The emergency seems to be over for now at the slow-moving landslide at Rattlesnake Ridge near Yakima, Washington. The state has taken down the warning signs and lights on the highway below.
But for some, the drive is still nerve wracking. They’ve coined a phrase for driving quickly past the slide: “Shooting the Gap.”
Roberta Vining lives amid neat orchard rows and expansive vineyards outside of Grandview. Nearly every morning she scrambles out of bed early to get ready for her commute.
Vining works in Yakima at a large call center for a major warehouse company. It’s about a 45 minute drive west. But it takes her on Interstate 82—right by the landslide at Union Gap.
“It kind of freaks me out because you think, you don't know when it could happen,” Vining said. “Same thing you don’t know when your time is.”
She always checks the Washington Department of Transportation website to see if the slide’s moved. But that’s not enough reassurance for her.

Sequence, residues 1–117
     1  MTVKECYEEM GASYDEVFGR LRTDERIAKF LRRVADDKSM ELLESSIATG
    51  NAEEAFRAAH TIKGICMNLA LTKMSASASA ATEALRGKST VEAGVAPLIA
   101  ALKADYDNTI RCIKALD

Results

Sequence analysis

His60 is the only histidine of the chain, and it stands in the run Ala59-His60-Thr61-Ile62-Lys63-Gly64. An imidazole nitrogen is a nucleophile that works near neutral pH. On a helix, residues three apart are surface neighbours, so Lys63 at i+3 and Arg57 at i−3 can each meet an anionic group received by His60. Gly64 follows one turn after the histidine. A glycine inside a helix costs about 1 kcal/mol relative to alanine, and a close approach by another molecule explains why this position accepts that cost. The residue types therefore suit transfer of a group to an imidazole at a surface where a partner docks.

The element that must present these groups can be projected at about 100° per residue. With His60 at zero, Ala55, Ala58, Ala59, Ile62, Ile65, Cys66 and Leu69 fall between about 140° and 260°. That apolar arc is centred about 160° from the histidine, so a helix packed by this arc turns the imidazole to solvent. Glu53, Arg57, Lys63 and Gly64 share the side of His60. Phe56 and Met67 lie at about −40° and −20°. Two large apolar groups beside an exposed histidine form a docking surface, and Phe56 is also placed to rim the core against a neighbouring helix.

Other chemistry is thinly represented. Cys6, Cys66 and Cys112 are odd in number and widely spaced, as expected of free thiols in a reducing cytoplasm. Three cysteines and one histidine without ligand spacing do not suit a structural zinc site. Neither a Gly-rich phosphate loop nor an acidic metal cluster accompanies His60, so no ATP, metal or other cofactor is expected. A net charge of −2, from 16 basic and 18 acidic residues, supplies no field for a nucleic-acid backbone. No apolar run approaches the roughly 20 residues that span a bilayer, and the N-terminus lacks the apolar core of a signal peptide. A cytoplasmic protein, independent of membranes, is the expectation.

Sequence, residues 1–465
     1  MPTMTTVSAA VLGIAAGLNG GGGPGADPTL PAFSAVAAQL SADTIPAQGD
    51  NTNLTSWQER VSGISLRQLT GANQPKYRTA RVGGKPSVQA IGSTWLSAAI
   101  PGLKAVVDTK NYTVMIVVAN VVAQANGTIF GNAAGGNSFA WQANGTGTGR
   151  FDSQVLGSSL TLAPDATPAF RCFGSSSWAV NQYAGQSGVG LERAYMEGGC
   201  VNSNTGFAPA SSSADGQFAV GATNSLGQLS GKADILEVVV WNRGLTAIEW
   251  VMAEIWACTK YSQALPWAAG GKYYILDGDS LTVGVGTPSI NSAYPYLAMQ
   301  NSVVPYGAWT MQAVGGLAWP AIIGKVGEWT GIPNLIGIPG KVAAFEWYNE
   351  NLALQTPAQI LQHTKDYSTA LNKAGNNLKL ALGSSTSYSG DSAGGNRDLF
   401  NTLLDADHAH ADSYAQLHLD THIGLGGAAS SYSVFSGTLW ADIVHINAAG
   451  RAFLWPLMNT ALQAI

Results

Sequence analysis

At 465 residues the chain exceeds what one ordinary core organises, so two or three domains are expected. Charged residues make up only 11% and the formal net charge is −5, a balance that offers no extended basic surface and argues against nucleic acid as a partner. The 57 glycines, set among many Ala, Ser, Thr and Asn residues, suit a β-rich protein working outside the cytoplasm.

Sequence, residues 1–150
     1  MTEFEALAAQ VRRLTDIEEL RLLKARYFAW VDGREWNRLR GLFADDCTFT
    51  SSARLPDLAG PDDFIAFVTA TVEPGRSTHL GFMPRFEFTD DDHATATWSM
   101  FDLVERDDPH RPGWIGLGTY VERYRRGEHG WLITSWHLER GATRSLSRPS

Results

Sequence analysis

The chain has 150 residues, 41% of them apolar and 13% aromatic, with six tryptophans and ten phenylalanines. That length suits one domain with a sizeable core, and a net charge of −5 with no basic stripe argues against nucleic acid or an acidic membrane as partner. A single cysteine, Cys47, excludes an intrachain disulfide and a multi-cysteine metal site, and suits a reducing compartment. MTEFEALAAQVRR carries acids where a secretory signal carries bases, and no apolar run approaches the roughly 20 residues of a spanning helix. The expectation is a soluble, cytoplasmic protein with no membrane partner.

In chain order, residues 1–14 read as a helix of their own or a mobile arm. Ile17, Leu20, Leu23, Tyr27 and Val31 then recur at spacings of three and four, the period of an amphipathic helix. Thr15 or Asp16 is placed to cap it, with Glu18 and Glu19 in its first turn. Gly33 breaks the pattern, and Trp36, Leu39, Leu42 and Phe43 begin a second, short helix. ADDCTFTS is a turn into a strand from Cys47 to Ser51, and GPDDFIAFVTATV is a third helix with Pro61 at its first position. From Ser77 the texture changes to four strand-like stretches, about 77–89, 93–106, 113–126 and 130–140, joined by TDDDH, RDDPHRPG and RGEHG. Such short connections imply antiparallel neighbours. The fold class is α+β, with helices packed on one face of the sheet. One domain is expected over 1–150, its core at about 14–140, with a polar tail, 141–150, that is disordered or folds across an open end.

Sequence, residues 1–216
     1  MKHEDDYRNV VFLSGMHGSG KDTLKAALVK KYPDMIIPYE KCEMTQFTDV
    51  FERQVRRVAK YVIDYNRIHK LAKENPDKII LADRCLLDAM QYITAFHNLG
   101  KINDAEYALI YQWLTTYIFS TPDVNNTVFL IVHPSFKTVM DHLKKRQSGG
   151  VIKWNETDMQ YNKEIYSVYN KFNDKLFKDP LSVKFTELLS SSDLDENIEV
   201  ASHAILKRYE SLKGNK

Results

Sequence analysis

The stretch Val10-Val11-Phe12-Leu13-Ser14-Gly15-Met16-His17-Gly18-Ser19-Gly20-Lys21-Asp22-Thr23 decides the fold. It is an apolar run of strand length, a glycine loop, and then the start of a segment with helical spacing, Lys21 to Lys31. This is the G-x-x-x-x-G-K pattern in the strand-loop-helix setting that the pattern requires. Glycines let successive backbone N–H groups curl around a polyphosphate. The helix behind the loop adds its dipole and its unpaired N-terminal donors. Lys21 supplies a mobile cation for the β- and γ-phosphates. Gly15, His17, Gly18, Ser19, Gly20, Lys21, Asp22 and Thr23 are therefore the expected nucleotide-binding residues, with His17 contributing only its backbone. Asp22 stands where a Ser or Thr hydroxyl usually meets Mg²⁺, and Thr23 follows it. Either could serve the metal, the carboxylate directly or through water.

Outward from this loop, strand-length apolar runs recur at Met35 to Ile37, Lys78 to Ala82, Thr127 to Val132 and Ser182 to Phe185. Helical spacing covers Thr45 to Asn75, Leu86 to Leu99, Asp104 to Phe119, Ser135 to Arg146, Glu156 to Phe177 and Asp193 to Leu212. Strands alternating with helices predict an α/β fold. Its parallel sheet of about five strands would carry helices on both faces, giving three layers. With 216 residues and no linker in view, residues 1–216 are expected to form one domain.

When she gets to that mile patch of Interstate, she sometimes guns her car to get past it.
“You see the crack,” she said with a laugh.
Lots of people in the Mid-Columbia feel this same way—even though a new report says the slide is not an imminent threat.
Vining said the hard part is that this could go on for decades.
“I think you get that spot where you don’t worry so much about something because you get so used to it being there,” she said. “And that is what makes me afraid—is I’m just going to la-dee-dah, and so is everybody else that drives through there on a daily basis, and something will happen.”
But despite her fears—and like the more than 30,000 vehicles that travel through here daily—she keeps driving it.